Fw 190A-3 ver­sus mus­tang 1A (p-51a)

Aviation Classics - - AVIATION -

rae com­par­a­tive re­port

Climb: The climb of the Fw 190 is su­pe­rior to that of the Mus­tang 1A at all heights. The best climb­ing speed for the Mus­tang is ap­prox­i­mately 10mph slower than that for the Fw 190; the an­gle is not nearly so steep and the rate of climb is con­sid­er­ably in­fe­rior. When both air­craft are pulled up into a climb af­ter a fast dive, the in­fe­ri­or­ity in the ini­tial stage of the climb is not so marked, but if the climb is con­tin­ued the Fw 190 draws away rapidly.

Dive: Com­par­a­tive dives have shown that there is lit­tle to choose be­tween the two air­craft and if any­thing the Mus­tang is slightly faster in a pro­longed dive. ma­noeu­vra­bil­ity: The ma­noeu­vra­bil­ity of the Fw 190 is bet­ter than that of the Mus­tang ex­cept in turn­ing cir­cles where the Mus­tang is su­pe­rior. In the rolling plane at high speed the Mus­tang com­pares more favourably with the Fw 190 than does the Spit­fire. The ac­cel­er­a­tion of the Fw 190 un­der all con­di­tions of flight is slightly bet­ter than that of the Mus­tang and this be­comes more marked when both air­craft are cruis­ing at low speed. When the Fw 190 was at­tacked by the Mus­tang in a turn, the usual ma­noeu­vre of flick­ing into a div­ing turn in the op­po­site di­rec­tion was not so ef­fec­tive against the Mus­tang as against the Spit­fire, par­tic­u­larly if the air­craft were fly­ing at high speed. The fact that the en­gine of the Mus­tang does not cut dur­ing the ap­pli­ca­tion of neg­a­tive G proved a great as­set and gave the Mus­tang a rea­son­able chance of fol­low­ing the Fw 190 and shoot­ing it down. It must be ap­pre­ci­ated, how­ever, that much de­pends on which air­craft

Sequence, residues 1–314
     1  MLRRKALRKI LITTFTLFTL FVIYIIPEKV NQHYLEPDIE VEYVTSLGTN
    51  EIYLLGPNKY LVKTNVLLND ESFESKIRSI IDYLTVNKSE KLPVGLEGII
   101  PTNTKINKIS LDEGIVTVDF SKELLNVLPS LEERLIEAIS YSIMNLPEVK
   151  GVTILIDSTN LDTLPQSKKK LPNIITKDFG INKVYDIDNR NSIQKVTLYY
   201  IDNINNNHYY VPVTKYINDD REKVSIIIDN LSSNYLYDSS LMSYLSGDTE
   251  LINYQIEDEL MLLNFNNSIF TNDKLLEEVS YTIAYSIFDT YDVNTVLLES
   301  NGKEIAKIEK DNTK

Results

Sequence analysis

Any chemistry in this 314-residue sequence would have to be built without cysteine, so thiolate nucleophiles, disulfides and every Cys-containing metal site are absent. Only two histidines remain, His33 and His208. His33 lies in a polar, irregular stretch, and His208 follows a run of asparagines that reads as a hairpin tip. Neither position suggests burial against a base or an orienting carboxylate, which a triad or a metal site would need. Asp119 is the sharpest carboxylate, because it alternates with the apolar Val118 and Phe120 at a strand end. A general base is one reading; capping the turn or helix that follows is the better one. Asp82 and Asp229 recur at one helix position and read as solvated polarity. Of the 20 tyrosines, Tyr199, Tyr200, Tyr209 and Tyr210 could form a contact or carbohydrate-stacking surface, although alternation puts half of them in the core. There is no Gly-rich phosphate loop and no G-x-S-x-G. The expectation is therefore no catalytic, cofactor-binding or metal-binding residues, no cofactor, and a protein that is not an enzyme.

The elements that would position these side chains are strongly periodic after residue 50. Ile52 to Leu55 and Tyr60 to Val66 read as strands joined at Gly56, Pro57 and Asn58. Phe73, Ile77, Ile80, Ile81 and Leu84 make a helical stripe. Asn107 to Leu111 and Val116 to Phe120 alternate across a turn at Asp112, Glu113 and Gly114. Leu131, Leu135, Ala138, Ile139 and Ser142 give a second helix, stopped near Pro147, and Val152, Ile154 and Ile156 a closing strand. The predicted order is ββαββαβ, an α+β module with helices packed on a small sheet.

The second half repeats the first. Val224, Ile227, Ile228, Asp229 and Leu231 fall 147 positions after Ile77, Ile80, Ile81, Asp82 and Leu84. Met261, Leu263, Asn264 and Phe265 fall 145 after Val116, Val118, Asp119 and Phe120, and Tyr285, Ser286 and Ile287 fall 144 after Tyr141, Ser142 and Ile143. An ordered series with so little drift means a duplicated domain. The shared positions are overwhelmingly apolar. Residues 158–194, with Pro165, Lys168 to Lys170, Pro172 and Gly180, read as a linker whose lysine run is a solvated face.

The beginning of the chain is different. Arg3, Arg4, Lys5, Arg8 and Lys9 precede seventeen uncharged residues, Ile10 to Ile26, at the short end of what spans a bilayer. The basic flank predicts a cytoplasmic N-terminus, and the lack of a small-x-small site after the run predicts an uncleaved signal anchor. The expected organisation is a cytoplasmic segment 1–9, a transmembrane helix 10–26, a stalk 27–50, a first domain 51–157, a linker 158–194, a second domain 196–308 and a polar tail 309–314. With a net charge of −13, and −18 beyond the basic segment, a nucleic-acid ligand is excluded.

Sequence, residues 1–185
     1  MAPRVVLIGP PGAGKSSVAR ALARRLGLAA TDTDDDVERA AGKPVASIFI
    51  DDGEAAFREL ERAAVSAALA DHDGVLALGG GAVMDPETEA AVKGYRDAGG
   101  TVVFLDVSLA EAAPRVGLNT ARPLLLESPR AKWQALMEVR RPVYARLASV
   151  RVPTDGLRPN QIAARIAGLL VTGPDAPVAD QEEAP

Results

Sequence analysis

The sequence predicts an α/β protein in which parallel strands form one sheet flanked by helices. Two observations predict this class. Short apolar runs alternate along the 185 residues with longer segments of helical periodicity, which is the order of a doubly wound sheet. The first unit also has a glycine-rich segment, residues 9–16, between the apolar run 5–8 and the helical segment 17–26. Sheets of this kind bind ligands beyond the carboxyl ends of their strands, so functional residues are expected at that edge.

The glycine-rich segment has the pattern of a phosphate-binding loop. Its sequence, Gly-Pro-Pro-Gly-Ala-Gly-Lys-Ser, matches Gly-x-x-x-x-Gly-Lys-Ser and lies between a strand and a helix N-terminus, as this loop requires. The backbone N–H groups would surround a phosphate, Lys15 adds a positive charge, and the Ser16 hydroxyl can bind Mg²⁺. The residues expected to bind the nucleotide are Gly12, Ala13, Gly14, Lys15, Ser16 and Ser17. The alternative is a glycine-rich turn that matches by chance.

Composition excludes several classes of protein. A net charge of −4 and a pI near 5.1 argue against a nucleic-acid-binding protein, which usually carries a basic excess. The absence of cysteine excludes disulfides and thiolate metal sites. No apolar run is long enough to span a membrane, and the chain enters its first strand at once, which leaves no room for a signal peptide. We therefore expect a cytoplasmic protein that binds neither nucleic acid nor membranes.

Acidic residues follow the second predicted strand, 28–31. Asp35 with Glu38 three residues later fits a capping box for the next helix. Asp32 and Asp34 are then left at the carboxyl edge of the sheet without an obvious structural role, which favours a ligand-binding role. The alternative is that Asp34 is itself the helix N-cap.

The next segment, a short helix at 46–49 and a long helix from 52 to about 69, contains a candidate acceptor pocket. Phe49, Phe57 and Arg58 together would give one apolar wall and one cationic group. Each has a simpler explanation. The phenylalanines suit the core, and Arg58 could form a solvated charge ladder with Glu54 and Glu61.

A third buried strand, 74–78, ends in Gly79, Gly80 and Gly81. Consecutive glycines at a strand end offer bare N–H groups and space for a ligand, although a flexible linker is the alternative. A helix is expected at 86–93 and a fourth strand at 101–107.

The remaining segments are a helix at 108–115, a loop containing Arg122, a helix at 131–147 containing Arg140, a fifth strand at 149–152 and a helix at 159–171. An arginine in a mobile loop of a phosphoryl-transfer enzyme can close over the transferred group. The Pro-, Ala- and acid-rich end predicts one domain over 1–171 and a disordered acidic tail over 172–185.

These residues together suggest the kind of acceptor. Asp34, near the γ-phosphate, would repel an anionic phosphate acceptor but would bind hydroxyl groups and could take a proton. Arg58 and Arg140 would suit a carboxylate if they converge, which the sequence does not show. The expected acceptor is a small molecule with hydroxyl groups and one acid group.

has the ini­tia­tive and that ob­vi­ously the Fw 190 can es­cape if the Mus­tang is seen well out of range. The Fw 190 in this case will al­most cer­tainly utilise its su­pe­rior climb. Tri­als were car­ried out to as­cer­tain the best ma­noeu­vre to adopt when ‘bounced’. If the Mus­tang was cruis­ing at high speed and saw the Fw 190 about 2000 yards away, it usu­ally man­aged to avoid it by open­ing up to full throt­tle and div­ing away, and once speed had been built up it was al­most im­pos­si­ble for the Fw 190 to catch it. When the Mus­tang was ‘bounced’ by the Fw 190 when fly­ing slowly, it was un­able to get away by div­ing and was forced to evade by means of a quick turn as the Fw 190 came into fir­ing range. When the Fw 190 was ‘bounced’ by the Mus­tang, it could evade by us­ing its su­pe­ri­or­ity in the rolling plane and then pull up vi­o­lently from the re­sul­tant dive into a steep climb which left the Mus­tang be­hind. If the Mus­tang is not seen un­til it is fairly close, it will get the chance of a short burst be­fore it is out climbed. Against the Fw 190 the worst heights for the Mus­tang 1A were above 20,000ft and be­low 3000ft where the Fw 190 is slightly su­pe­rior in speed. The best height for the Mus­tang was found to be be­tween 5000ft and 15,000ft.

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